I also built the battery. The battery is a large vertical rack with wiring, a black-start 12V battery, communications, and some other parts. Four to six battery sections mount inside that and then a cover goes over everything. I leaned the case up against the wall and starting building the whole thing. The battery sections are heavy, and there’s a number of clamps and grounding connections that need to be installed.

Battery pack, assembled but without the cover yet in place.

Then I ran wiring from the battery to inverter. This system runs everything on a DC BUS at about 360VDC, so I made sure to use wiring rated with 600V insulation. The upside is that at high voltage, it’s pretty low current, so some 12 gauge wiring would be fine for testing.

It took a bit of troubleshooting to activate the inverter and connect the battery. But when I did, IT WORKED!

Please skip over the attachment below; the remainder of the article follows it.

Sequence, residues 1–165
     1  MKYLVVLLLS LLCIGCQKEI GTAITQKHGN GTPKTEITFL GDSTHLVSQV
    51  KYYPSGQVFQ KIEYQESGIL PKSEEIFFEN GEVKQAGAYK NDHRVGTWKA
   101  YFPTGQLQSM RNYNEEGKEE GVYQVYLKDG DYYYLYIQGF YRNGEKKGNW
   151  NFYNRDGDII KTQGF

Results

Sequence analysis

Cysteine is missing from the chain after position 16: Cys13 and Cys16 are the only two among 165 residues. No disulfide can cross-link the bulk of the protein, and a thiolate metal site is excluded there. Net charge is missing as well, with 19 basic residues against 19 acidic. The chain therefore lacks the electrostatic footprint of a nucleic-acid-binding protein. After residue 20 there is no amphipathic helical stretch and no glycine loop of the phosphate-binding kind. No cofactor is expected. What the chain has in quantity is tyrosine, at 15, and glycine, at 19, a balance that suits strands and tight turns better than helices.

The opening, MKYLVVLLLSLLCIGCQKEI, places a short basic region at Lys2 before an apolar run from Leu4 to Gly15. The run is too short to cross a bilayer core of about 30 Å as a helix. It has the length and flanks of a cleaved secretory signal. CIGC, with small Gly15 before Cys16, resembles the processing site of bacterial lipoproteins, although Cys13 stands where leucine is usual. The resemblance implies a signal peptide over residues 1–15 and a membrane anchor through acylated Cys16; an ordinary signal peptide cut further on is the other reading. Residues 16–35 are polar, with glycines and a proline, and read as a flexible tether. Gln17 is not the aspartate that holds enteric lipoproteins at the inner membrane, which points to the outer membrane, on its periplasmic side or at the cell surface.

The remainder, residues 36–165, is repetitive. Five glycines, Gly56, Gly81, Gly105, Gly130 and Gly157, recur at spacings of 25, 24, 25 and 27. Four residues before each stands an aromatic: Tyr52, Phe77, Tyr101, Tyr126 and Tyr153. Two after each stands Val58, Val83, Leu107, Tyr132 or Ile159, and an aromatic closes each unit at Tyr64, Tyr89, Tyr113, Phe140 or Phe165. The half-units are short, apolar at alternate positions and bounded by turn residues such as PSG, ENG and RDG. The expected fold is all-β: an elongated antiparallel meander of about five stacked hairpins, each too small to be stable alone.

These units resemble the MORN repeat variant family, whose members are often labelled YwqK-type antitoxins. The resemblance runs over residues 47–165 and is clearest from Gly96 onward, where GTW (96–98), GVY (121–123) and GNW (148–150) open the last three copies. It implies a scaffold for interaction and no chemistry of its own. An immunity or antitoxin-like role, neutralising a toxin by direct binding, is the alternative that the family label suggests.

I was able to try several modes and got the inverter to run from the battery in a simulated blackout situation – which was just me turning off the breaker powering the inverter.

Even better than that was AC COUPLING!
The inverter is “Grid-Forming”, meaning that it makes a nice stable 60 hz 120/240VAC, every bit as good (or in some cases, better than) as what comes in from the grid. This allows my Enphase micro-inverters to power on. Normally, grid-tie inverters automatically power OFF when disconnected from the grid as a safety feature. The down-side of that is the solar panels are USELESS during a blackout! No power from them at all!

I was now able to get the solar panels to turn on, and directly use the AC power output from my micro-inverters.

But what if I made more power than I’m using and the extra wouldn’t be able to go out to the grid? To my surprise and delight, the extra automatically went through the Generac inverter and IN TO the BATTERY! I was able to get 4,000 watts of power charging it! (The full amount I was producing on a not completely sunny day.)

My solar panels are rated at 5,400 watts on the AC side of things. The battery is 10kWh capacity. So, in the middle of a sunny day, I could charge the battery from 0-100% in about 2 hours! (See the video in the link!)